"It's a different guy every day," Josh Harrison, the batting title contender, said, trying to define the Bucs' work ethic.
Not on days they can nail down postseason berths. Then, it's always the same guy.
"Was that on the same day?" Marte asked incredulously in the rocking, dripping clubhouse. "I remember the home run. And this, it was beautiful."
Marte's one-out double scored Andrew McCutchen, who had led off with a double, to put the Bucs in position for their 41st comeback win and 32nd one-run decision of the season.
"That's Pirates baseball," explained Gerrit Cole, again the conductor of a major September triumph. "We don't go away. Gritty, hard ... frustrating at times.
"At the low points, we talked about how much sweeter it will be at the finish. And it is."
The Pirates had just been swept out of St. Louis at the beginning of September and went on to Chicago, where Clint Hurdle was asked about prospects for a turnaround.
"We need to play our best ball," Hurdle said. "If we play our best ball for the remaining games, we'll get in."
From that point through Tuesday night, the Pirates went 15-3.
"And we're in," Hurdle said, simply, not immodestly.
Milwaukee's loss in Cincinnati officially punched the Bucs' ticket, but they still have eyes on jumping the October rails on the National League Central title express and not the NL Wild Card local.
That had to explain one of the more sedate on-field celebrations ever witnessed by even the most veteran baseball watchers. As, for example, Turner Field fans who saw a visiting team celebrate either a postseason clincher or playoff series victory for the 11th time in the park's 17 seasons.
"We've got more work to do," Neil Walker said. "This hopefully was just the first stop. Not the destination."
"It's unbelievable," noted Ike Davis. "We don't yet know where we'll get in. But we are in. Just think: We now have a chance to win the World Series."
And with 15 wins in their last 18 games, why would the Pirates lower their sights?
The Cole Train pulled them into the station Tuesday night. Cole, who a year ago pitched both iconic wins No. 81 and No. 82 for a team that had not had a winning season in 20 years, was behind another landmark victory.
Cole allowed a first-inning run and was headed to bigger trouble when the Braves loaded the bases with none out in the second. Another run did score on a double-play grounder by Andrelton Simmons, but Cole was on his way to retiring the last 17 men he'd face. The righty did so despite a blister on his pitching hand that bled on to his uniform.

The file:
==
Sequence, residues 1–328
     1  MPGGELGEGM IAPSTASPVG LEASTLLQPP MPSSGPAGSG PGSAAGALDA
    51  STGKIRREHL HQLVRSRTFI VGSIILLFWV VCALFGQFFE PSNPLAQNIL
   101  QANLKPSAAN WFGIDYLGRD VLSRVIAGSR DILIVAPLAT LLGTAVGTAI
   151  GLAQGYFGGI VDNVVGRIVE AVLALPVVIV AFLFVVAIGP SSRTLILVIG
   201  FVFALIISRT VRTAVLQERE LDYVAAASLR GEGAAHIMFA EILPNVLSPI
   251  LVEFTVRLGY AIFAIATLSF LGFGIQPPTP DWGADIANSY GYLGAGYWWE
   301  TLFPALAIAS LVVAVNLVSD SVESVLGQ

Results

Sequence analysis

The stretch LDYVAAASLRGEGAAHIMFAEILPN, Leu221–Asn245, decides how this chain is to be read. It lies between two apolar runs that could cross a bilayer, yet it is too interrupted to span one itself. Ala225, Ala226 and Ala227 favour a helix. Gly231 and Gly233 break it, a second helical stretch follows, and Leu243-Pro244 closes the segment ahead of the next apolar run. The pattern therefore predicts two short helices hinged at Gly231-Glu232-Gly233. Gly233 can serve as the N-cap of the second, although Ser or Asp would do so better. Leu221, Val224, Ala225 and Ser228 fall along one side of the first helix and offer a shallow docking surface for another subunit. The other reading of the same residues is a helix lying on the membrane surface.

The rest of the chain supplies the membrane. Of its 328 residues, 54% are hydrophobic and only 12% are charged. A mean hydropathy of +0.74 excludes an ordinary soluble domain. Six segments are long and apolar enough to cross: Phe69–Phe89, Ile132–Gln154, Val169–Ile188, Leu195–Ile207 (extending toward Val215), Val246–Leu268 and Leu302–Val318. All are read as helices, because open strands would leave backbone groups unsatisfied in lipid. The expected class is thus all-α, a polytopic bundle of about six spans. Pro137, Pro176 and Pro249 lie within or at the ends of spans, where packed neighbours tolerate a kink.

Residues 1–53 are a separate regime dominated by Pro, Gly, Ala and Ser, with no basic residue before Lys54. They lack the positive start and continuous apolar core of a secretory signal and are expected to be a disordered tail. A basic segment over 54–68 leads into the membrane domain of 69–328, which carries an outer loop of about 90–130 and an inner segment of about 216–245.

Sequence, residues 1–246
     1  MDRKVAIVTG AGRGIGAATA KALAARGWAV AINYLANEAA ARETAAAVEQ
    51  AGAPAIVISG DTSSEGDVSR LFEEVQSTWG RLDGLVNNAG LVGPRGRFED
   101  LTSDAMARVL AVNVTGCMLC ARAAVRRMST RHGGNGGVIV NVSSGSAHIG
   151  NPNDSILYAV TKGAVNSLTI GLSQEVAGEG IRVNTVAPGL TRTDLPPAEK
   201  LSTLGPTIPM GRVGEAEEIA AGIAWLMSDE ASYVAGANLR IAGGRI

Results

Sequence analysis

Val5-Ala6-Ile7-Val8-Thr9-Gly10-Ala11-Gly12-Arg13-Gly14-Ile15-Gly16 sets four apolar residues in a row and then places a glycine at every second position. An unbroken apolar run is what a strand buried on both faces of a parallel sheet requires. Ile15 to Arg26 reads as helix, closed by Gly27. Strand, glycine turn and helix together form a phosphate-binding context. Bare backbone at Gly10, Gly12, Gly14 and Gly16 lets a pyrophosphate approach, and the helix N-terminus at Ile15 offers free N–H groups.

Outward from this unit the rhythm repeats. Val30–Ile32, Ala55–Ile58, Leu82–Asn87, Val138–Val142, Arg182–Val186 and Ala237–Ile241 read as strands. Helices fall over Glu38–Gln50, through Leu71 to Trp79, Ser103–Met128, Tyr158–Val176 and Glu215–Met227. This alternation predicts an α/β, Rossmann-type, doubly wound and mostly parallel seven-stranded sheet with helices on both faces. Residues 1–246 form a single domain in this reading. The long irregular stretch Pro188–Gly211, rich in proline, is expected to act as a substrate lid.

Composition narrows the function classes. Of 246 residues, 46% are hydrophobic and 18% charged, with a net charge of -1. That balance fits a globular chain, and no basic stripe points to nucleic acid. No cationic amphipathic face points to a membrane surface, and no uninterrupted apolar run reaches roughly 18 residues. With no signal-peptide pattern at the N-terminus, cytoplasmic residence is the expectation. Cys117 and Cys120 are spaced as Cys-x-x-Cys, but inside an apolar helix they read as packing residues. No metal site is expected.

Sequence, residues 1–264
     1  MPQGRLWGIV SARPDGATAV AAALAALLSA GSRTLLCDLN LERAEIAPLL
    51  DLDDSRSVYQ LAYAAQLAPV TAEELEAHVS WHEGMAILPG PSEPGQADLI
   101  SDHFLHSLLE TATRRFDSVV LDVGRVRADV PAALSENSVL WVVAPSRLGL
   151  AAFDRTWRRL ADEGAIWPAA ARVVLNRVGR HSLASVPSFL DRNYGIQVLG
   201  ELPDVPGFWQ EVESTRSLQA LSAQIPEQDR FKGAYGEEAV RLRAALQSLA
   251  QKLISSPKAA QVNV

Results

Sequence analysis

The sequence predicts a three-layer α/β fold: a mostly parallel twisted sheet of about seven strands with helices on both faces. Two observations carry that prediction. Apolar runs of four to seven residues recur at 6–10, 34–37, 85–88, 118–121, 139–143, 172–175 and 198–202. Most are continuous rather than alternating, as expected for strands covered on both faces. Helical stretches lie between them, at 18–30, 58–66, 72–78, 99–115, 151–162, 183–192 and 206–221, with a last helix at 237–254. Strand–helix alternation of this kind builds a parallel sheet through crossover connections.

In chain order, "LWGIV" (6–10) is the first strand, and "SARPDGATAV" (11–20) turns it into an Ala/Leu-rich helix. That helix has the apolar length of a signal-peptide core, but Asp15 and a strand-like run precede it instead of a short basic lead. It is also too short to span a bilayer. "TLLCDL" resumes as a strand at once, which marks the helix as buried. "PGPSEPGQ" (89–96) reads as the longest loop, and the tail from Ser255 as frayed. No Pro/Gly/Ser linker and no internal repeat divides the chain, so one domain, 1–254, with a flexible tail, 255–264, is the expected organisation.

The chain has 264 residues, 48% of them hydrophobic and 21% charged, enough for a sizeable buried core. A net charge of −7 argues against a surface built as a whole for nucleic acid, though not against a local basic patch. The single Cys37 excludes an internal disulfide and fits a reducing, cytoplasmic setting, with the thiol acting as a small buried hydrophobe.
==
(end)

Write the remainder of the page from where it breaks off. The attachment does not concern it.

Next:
Cole, improving the September record for his fledgling career to 8-1, went seven innings on a yield of four hits and two runs, with two walks and eight strikeouts.
He bought more than enough time for the Pirates to go to work on left-hander Alex Wood's 2-0 lead.
"Anytime you score early, no matter what the situation is, it's always nice," Wood said. "You'd like to bear down a little bit more than I did."
"We felt it was coming," Cole said. "And when we got it, we locked it down."
The Bucs' first run was the result of a play they occasionally try, but never get right: With runners at the corners, have the man on first get into a rundown to enable the man on third to score.
Actually, it did not work right this time either. But it didn't have to. In the fourth, Marte was about to reverse field and elicit a rundown when he saw catcher Christian Bethancourt's throw sail wide of second baseman Phil Gosselin. So Marte continued onto second while McCutchen easily scored from third on the throwing error.
Travis Snider tied it at 2 with a leadoff homer the next inning, continuing to make the argument for regular play, regardless of the pitcher's dominant hand. Snider has always broken the mold of lefty hitters, and again is hitting far better against southpaws (.375) than against right-handers (.240).
"That one to Snider, you can't miss big," said Wood, implying that he had done just that. "Up here, you have to miss small when you miss, and it was just a really big miss and he made me pay for it."
"It's not about me. It's about this locker room of guys who are always ready to play their roles," Snider said. "This is the first payoff for all of us."